Story continues after "Women of Afghanistan must be able to build a future"

Women of Afghanistan must be able to build a future

  • Women can no longer attend university (late December 2022)
  • NGOs required to cease employment of all women employees
  • NGOs unite, requesting the defacto reverse the decision
  • World Vision & other major NGOs pause work

As the world prepared for holidays and Christmas, the people of Afghanistan received heartbreaking news. The Defacto authority banned women from university and finishing their degrees.

Just a few days later, another heartbreak...

The Defacto declared, NGOs must immediately cease the employment of all women in their organizations.

The international community reacted strongly, united in the knowledge that this decision would cost innocent lives and deeply affect women and families. Latest data shows that about 28 million people – more than half the population - including 14 million children, are in need of humanitarian assistance in Afghanistan.

The immediate request to reverse this decision has sadly been ignored. As a result, World Vision, Save the Children, CARE & The Norwegian Refugee Council decided to pause their programs.

The decision is extremely difficult because the reality is millions of children and families who need food, health care, water and warmth to survive Afghanistan's harsh winter are now without vital support.

Andrew Morley, World Vision International President and CEO, summarized our work and future hopes like this:

Female aid workers are vital for us to deliver principled humanitarian assistance. They are nurses, doctors, teachers, nutrition experts, team leaders, community health workers, and vaccinators. Our job is to save lives and create a brighter future for children in Afghanistan. This requires the full engagement and leadership of our female staff.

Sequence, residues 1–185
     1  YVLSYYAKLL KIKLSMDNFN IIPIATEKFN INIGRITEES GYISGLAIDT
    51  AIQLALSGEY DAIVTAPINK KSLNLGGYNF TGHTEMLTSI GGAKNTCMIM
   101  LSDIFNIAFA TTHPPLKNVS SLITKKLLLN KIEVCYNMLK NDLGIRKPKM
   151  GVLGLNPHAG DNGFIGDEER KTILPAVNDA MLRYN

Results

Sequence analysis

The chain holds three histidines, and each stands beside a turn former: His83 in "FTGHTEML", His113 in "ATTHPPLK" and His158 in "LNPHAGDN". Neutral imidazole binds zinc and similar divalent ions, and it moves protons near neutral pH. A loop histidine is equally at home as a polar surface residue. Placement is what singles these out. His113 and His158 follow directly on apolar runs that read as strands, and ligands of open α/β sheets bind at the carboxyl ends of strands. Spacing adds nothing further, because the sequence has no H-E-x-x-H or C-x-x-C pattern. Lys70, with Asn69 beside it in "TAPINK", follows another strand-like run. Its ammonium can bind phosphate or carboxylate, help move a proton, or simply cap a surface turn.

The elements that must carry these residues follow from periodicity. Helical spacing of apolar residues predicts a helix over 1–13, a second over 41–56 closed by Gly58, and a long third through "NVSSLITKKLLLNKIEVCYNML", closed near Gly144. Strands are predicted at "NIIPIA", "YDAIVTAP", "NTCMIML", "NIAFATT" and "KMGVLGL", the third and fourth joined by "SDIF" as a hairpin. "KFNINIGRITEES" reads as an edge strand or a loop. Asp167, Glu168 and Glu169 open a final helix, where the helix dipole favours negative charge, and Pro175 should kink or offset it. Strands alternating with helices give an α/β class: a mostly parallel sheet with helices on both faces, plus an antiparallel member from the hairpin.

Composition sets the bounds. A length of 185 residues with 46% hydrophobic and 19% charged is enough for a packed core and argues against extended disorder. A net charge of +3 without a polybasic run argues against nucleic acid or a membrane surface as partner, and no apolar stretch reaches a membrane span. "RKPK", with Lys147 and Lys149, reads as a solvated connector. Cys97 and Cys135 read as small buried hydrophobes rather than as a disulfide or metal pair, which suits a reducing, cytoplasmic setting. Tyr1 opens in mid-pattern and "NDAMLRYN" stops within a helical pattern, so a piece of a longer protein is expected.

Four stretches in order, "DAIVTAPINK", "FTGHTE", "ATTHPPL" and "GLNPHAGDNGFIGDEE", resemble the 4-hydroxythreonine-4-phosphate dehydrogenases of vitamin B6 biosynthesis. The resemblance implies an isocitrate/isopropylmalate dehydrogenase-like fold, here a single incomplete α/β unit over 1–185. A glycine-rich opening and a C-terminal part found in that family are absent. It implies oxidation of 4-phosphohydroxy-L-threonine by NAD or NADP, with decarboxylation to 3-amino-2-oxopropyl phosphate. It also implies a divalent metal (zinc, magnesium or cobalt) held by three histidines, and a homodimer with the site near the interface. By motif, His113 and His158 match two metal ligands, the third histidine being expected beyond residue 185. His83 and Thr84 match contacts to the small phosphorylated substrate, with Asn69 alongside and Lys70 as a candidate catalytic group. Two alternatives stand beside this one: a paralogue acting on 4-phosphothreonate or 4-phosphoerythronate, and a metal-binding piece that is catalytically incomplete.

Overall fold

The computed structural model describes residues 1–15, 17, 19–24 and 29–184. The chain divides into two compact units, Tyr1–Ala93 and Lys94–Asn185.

We have been standing alongside the children of Afghanistan for more than two decades, throughout so many challenges. We must find an early resolution, for our female staff to continue bringing life in all its fullness for girls and women. They deserve nothing less.

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Afghanistan is a primarily agricultural country in Central Asia, producing some of the world's best pomegranates, grapes and sweet melons. Afghanistan has been in an ongoing conflict since 2001, a radical political group has waged all out war against the government and taken control of many parts of the country.

In Afghanistan our projects focus on community building programmes. Their success relies heavily on collaboration with local community and faith leaders. Sensitively administered with respect for local culture and beliefs the programme currently facilitates community awareness sessions for men regarding child marriage and rights of women. We are also providing sessions for women and girls, to ensure they know their worth, feel safe in their community and understand their rights in relation to violence against women and child marriage.

  • Hundreds of thousands of innocent have been killed in the ongoing conflict, and cities have been left in ruins
  • The country experienced a devastating drought in 2019 which destroyed all the crops and 60% of the livestock in Western Afghanistan. The drought drove over 250,000 people from their homes to seek aid, but even the humanitarian camps they came to have run out of food by now. Many parents consider selling their daughters into early marriage to feed the family
One in three

Afghani girls are married before they turn 18.

More than 10%

of registered refugees in the world today are from Afghanistan